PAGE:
(Indian Harbour) A delegation of former Canadian military personnel, Royal Canadian Mounted Police (RCMP) officers and first responders gathered on Sunday in Nova Scotia to commemorate the 25e anniversary of the deadly crash of Swissair Flight 111.
Veterans Affairs Minister Ginette Petitpas Taylor told attendees she wanted to thank the soldiers, police officers, firefighters and community members who stepped up to help after the accident.
“On the night of September 2, many of you rushed into the darkness without the slightest, slightest hesitation,” said Mr.me Petitpas Taylor at the Peggy’s Cove Swissair Memorial, Indian Harbour, Nova Scotia.
“We express our deep gratitude to you for the way you responded to this Swissair tragedy, and for what you did, in the weeks and months that followed, to support the recovery efforts,” he said. -she said, in French.
The MD-11 airliner plunged into waters near Peggy’s Cove on September 2, 1998, during a flight from New York to Geneva, Switzerland, killing all 229 people on board.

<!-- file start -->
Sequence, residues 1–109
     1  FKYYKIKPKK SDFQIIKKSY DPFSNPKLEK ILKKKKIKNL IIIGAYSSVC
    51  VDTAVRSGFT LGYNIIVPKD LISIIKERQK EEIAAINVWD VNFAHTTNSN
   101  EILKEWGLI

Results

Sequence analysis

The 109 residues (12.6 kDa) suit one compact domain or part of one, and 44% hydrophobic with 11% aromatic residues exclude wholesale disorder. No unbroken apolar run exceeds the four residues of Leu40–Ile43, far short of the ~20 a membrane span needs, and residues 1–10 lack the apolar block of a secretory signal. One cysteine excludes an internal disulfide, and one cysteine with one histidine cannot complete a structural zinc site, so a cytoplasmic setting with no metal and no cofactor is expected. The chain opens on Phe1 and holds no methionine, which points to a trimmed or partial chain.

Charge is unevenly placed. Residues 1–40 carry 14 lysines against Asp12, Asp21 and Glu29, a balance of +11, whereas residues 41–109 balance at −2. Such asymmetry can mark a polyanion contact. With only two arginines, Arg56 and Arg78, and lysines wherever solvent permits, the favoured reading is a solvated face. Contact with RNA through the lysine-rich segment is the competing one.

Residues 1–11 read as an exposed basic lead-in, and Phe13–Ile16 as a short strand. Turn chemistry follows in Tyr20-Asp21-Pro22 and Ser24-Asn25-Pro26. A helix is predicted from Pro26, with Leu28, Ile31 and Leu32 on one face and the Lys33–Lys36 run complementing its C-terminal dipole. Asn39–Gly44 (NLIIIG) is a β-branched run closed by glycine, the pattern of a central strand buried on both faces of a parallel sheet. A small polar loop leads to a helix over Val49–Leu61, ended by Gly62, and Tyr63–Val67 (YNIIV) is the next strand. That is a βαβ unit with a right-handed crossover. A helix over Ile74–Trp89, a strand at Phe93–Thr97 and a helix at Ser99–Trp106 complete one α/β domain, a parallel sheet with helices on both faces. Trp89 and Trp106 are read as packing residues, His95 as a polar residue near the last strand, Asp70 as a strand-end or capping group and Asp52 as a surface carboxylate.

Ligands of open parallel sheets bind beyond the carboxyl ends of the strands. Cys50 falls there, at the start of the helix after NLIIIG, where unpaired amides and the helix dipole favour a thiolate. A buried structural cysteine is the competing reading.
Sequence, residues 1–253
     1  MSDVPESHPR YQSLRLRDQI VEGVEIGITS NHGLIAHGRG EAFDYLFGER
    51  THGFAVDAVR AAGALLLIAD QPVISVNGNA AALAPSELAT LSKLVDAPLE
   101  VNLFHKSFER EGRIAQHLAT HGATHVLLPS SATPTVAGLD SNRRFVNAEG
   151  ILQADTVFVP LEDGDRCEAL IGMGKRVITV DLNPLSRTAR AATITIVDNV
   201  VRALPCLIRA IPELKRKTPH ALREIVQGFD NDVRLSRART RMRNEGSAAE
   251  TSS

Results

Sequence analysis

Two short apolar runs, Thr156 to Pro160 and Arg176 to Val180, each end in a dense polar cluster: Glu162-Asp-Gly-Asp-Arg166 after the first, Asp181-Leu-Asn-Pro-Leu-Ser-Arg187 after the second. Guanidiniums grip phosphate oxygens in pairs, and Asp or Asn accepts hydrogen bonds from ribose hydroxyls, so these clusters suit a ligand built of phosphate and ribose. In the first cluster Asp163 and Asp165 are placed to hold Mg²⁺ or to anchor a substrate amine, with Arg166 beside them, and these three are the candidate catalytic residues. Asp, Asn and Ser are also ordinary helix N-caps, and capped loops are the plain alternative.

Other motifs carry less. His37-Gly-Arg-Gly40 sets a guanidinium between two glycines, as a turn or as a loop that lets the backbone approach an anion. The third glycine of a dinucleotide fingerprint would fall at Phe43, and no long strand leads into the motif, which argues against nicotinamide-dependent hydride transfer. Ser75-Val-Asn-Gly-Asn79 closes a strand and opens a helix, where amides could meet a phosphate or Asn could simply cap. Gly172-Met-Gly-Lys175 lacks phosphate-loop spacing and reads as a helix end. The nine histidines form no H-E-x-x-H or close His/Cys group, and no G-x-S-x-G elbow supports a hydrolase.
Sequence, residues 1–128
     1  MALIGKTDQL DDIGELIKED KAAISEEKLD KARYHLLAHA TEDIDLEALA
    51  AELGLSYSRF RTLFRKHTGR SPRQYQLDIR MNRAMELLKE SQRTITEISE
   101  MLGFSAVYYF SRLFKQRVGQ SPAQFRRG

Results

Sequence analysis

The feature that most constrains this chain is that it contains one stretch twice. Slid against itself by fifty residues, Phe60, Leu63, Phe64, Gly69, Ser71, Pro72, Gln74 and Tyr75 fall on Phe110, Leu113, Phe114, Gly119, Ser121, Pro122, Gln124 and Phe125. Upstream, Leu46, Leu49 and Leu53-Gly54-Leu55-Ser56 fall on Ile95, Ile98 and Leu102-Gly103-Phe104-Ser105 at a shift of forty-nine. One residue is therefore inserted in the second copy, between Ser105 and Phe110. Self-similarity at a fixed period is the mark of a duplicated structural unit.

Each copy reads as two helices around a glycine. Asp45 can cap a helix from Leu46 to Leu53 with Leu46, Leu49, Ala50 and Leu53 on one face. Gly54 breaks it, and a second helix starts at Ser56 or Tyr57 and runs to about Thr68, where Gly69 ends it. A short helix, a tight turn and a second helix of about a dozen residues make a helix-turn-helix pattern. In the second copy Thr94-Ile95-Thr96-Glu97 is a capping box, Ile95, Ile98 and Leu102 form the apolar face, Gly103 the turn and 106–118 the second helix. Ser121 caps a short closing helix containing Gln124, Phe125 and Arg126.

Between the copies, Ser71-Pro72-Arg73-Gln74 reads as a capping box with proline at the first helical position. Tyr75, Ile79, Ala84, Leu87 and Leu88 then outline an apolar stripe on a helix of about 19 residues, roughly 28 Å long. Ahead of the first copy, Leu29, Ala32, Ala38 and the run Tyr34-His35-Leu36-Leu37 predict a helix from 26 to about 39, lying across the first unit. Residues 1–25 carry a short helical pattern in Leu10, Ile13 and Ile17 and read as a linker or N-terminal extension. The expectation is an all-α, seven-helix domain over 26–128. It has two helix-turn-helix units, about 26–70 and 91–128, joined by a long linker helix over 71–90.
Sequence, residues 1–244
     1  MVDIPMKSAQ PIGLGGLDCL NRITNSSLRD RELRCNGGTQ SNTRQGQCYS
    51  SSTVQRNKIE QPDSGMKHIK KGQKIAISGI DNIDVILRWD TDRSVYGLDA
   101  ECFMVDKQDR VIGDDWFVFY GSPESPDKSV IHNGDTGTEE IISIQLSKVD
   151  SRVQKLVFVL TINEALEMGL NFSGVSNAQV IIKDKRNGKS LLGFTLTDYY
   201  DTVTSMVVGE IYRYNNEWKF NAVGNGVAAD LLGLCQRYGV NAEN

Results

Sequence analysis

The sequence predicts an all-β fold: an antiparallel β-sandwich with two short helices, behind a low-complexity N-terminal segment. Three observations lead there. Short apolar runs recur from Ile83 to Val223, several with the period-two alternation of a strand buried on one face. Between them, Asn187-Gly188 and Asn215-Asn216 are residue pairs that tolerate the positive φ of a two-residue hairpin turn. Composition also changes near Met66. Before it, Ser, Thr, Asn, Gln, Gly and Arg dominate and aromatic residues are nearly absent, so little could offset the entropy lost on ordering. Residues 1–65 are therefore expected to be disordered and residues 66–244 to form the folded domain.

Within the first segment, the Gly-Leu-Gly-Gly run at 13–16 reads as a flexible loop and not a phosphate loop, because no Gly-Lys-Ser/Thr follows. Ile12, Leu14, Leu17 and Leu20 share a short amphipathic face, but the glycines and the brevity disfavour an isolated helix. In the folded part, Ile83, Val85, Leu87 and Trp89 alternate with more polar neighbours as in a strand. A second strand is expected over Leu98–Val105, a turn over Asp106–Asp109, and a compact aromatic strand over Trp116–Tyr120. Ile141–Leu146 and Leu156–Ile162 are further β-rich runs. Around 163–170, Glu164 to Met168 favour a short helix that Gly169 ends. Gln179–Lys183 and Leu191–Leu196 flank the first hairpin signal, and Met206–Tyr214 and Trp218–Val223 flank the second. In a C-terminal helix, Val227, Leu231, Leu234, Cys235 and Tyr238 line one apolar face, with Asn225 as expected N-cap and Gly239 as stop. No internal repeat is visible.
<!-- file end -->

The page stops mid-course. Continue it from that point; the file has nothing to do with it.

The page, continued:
Steven Harris, Assistant Deputy Minister of Veterans Affairs, noted during the ceremony that the event was focused on commemoration, remembrance and healing.
“The lives of those who sought to help, to comfort, to give meaning to this tragedy have been forever changed,” he said.
Family members of some of the accident victims also participated in the ceremony.
Lieutenant-Colonel John O’Donnell was a Canadian Armed Forces chaplain who was sent to Nova Scotia 25 years ago to support the military’s recovery effort, dubbed Operation Persistence, but which quickly collapsed. was redeployed to help comfort family members of crash victims. He said he found reminders of resilience and hope during this time.
Relatives wanted to go down the coast of Peggy’s Cove to offer flowers and keepsakes in memory of their loved ones, but were not allowed, he said. Instead, they would approach the shore, one family at a time, and a firefighter would carry their keepsake out to the water.
“I remember being struck by the care and tenderness with which the fireman held the flowers that had been lent to him. He hugged them and walked towards the water’s edge. He stopped for a moment of prayer, threw the flowers into the waves, then took off his helmet and placed it on his chest, Mr. O’Donnell said. Nobody told him to do this, he just did it. The simplest gestures are often the most meaningful. »
Minister Petitpas Taylor led a candlelight tribute to the victims of the disaster at another memorial site Saturday evening.